B. The individual fears that he or she will act in a way or show anxiety symptoms that will be negatively evaluated (i.e., will be humiliating or embarrassing; will lead to rejection or offend others).

C. The social situations almost always provoke fear or anxiety.

D. The social situations are avoided or endured with intense fear or anxiety.

E. The fear or anxiety is out of proportion to the actual threat posed by the social situation and to the sociocultural context.

F. The fear, anxiety, or avoidance is persistent, typically lasting for 6 months or more.

G.The fear, anxiety, or avoidance causes clinically significant distress or impairment in social, occupational, or other important areas of functioning.

Case Example of Generalized Anxiety Disorder

When Amanda came into my office, she was dealing with severe anxiety. She explained she feels on edge all the time, has constant worries that she can’t control, and suffers from lack of sleep, difficulty concentrating, and irritability. Amanda also explained that she often has intrusive images or pictures in her head that she sees when the worries come up. For Amanda, her worries revolved around her family and their safety. She would worry someone might hurt her children. The anxiety was so severe that she would not put pictures of her children on social media, when they were out in public she would not let go of their hands, and if she felt unsafe at all, they would have to leave even if the tasks that brought them there weren’t completed. Amanda also worried about someone breaking into their house and hurting her and her family. The thoughts would start out in a neutral fashion, but then very quickly would spiral out of control.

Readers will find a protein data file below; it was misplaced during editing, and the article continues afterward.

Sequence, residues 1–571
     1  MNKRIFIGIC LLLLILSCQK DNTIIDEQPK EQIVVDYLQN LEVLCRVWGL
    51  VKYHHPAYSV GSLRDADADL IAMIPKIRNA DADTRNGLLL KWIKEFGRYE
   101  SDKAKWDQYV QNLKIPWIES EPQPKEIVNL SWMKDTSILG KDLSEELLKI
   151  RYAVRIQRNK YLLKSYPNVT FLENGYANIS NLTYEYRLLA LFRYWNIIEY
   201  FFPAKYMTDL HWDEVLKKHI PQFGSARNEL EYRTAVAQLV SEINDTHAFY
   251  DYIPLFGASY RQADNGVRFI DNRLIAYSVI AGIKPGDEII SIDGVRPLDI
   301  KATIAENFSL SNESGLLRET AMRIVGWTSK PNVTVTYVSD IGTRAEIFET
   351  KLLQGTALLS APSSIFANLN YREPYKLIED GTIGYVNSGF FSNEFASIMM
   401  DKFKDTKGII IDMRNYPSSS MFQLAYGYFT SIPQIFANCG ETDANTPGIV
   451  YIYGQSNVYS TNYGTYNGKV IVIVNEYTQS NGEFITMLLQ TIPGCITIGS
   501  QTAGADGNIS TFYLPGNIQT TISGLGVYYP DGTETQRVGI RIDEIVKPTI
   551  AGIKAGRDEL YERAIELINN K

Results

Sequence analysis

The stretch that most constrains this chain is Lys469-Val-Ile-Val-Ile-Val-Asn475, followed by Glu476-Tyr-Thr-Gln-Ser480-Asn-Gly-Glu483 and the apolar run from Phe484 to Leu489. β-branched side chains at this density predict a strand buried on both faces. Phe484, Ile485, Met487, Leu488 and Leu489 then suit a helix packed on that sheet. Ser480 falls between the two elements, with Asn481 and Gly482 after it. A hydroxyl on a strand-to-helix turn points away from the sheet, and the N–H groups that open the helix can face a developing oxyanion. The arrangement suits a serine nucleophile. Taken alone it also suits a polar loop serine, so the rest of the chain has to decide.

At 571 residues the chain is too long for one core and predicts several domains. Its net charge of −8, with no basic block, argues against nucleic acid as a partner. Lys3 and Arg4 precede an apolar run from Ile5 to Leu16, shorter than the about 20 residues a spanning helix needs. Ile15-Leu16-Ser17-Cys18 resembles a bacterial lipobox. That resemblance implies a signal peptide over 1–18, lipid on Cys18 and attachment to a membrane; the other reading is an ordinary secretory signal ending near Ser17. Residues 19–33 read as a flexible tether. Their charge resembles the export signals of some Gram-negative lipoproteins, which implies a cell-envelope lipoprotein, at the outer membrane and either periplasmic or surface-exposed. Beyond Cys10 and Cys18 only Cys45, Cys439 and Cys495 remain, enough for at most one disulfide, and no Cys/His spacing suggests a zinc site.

“I didn’t lock the door.”

“Someone will come in the house.”

“I won't hear them when they enter.”

“They will go into my children’s rooms and kidnap them.”

“They will kill my children.”

“They will kill my husband.”

“They will kill me.”

“I can’t protect my children.”

“I am a bad mom.”